Aims and objectives. To report an integrative review of evidence relating todignity-conserving care in palliative care settings. It will also suggest avenues forfuture research.Background. Research suggests that dignity is welcomed by those receiving palliativeand end of life care. However, as dignity is a subjective term, it is not alwaysexplicit how this may be employed by nurses. Given that the preferred place ofcare for patients with palliative care needs is the home, the issue of dignity maybe particularly important for community nurses. Therefore, synthesising evidenceof dignity-conserving care for community nurses caring for people with palliativecare needs provides clarity in a complex area of palliative care research.Design. Integrative literature review.Method. The review involved key bibliographic and review databases CINAHL,MEDLINE, EMBASE, ASSIA and PsycInfo. Medical Subject Headings and freeterms were undertaken for articles published from January 2009–September 2014and retrieved papers were assessed against inclusion criteria. Final included articleswere reviewed for reported dignity-conserving care actions, which were classifiedunder nine themes of the Dignity Model.Results. Thirty-one articles were included. Nine Dignity Model themes were used toclassify care actions: Level of Independence; Symptom Distress; Dignity-ConservingPerspectives; Dignity-Conserving Practices; Privacy Boundaries; Social Support; CareTenor; Burden to Others; and Aftermath Concerns. Reported care actions includedlistening, conveying empathy, communication and involving patients in care.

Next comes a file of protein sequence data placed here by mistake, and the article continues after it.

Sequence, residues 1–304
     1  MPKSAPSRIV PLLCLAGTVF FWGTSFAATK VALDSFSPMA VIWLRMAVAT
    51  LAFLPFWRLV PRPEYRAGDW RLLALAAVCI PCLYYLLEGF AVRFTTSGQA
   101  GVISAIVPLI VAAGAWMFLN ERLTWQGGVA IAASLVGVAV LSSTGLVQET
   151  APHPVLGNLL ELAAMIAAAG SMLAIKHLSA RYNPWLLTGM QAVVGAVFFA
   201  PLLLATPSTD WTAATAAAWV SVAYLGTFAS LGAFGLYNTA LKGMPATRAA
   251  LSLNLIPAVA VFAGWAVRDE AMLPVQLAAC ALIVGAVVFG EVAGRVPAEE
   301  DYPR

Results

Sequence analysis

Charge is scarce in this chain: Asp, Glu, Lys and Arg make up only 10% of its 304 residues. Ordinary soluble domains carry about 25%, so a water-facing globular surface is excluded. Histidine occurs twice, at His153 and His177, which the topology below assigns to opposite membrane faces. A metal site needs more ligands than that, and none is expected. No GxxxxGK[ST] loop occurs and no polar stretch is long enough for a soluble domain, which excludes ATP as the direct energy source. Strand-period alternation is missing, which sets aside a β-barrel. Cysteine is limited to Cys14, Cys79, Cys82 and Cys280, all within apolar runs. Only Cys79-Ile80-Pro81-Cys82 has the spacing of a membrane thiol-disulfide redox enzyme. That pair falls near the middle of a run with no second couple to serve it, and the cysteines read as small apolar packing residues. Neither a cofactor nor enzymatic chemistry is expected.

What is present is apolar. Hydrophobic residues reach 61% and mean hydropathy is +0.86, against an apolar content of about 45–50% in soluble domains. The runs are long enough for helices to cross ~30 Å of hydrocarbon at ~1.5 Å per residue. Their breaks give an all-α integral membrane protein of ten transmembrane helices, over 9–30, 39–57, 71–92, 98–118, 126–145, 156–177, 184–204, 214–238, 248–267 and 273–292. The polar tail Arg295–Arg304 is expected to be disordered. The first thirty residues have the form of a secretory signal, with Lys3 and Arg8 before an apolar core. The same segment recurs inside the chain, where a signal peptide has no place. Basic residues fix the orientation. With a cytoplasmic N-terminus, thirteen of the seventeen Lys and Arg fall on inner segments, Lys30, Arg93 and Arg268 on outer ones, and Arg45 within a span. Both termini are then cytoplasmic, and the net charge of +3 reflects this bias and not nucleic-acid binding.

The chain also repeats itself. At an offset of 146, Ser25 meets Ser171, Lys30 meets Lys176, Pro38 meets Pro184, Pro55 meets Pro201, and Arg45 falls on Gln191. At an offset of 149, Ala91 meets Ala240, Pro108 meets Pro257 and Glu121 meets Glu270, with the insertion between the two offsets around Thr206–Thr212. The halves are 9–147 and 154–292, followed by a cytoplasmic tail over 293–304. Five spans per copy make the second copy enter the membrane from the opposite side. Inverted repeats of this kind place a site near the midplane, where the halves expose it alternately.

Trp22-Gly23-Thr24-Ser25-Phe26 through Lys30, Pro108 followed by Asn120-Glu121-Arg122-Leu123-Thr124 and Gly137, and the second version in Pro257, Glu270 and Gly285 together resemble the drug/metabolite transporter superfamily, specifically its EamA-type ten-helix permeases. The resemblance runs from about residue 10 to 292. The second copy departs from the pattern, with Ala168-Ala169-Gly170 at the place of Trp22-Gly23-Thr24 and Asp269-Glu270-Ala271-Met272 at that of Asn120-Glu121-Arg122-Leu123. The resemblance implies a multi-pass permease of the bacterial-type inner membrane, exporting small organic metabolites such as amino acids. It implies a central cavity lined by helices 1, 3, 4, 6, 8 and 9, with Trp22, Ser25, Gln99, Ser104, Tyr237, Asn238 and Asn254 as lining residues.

johnston, B., larkin, P., connolly, M., Barry, C., Narayanasamy, M., Ostlund, U., & McIlfatrick, S. (2015). Dignity-conserving care in palliative care settings: An integrativereview. Journal of Clinical Nursing, Early. https://doi.org/10.1111/jocn.12791